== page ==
Nicholas Shaman

Nicholas Shaman

Assistant Professor of Psychology,
College of Human Sciences and Humanities

Contact number: 281-283-3386
Email: Shaman@uhcl.edu
Office: Delta Office Annex #26

Biography

Nicholas Shaman, Ph.D was born and raised in New York City.  He attended Boston University for his bachelor's degree and the University of California, Riverside for his Ph.D.  Dr. Shaman's research examines the social and cultural influences on young children's concept development.  Specifically, he examines how young children develop and learn religious concepts.


Areas of Expertise

  • Cognitive Development in Early Childhood
  • Development of Social Cognition
  • Development of Religious Cognition
  • Embodied Cognition and Development


Publications

Shaman, N. J., Saide, A. R., Lesage, K. A., & Richert, R. A. (2016). Who cares if I stand on my head when I pray? Ritual inflexibility and mental-state understanding in preschoolers. Research in the Social Scientific Study of Religion, 27, 122-139.

Richert, R. A., Shaman, N. J., Saide, A. R., & Lesage, K. A. (2016). Folding your hands helps God hear you: Prayer and anthropomorphism in parents and children. Research in the Social Scientific Study of Religion, 27, 140–157.

Richert, R. A., Saide, A. R., Lesage, K. A., & Shaman, N. J. (2017). The role of religious context in children's differentiation between God's mind and human minds. British Journal of Developmental Psychology, 35, 37-59.


Courses (Current Academic Year)

Introductory Psychology
Psychological Methods - Statistics
Life Span Development


Research Projects

My research examines the social and cultural influences on young children’s concept development.  The goal of my research is to disentangle the influences that contribute to concept development, given that children’s own experiences, direct and indirect instruction, and maturation contribute to development.  To do this, I specifically focus on religious concepts.  Children’s understanding of religion affords the ability to explore how children develop concepts without the influence of direct observation and experience.  By focusing on the development of religious concepts, my research naturally controls for children’s direct observation and experience of phenomena and highlights the influences of the social and cultural environment on children’s concept development.  My research focuses on two major influences on children’s developing religious concepts: children’s participation in cultural activities and children’s social cognitive understanding.  These two influences interact with one another as well, therefore, my research paradigm examines both simultaneously.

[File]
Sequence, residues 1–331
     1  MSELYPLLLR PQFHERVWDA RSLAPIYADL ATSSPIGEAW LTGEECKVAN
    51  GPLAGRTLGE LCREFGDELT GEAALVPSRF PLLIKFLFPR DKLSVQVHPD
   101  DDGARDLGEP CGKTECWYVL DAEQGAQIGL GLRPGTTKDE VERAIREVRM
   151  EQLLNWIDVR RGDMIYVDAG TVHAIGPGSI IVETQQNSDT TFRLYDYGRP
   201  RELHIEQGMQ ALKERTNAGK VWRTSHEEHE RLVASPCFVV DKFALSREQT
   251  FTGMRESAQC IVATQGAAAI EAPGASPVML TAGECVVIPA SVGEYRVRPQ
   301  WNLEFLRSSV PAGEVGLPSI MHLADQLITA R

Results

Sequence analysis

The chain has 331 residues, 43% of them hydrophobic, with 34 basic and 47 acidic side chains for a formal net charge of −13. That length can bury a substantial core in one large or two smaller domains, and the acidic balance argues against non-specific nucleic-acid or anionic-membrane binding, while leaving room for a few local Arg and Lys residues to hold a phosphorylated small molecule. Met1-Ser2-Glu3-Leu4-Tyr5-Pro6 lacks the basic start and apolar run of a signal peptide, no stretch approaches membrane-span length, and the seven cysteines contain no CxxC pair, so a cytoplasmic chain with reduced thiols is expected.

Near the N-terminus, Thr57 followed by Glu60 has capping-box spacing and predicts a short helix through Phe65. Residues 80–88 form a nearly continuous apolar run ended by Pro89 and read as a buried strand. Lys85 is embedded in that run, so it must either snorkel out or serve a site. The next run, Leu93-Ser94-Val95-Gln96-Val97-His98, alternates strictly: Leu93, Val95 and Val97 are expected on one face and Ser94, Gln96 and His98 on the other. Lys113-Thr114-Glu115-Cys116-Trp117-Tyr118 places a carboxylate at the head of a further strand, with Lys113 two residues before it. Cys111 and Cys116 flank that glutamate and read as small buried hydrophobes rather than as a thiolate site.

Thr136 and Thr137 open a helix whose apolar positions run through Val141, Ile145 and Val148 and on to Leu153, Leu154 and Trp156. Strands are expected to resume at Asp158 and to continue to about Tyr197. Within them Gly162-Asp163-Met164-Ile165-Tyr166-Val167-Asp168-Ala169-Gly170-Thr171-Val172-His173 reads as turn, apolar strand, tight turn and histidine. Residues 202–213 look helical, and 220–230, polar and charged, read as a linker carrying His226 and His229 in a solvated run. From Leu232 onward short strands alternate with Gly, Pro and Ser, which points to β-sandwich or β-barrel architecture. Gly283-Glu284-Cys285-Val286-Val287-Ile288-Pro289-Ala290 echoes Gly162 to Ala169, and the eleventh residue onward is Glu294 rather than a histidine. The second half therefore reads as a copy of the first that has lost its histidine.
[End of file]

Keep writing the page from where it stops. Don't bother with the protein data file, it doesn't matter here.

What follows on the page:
Awards and Accomplishments

Graduate Dean’s Dissertation Research Grant, University of California, Riverside, September 2014 – April 2015

New directions in the study of prayer research initiative: The role of prayer in the development of religious cognitions. Social Science Research Council, September 2012 – August 2014; Position: Co-PI (with R. Richert, PI)

Graduate Research Mentorship Program Fellowship, University of California, Riverside, Winter, 2013

American Psychological Association, Division 36, Research Seed Grant, June 2011

Chancellor’s Distinguished Fellowship Award, University of California, September 2009 – June 2010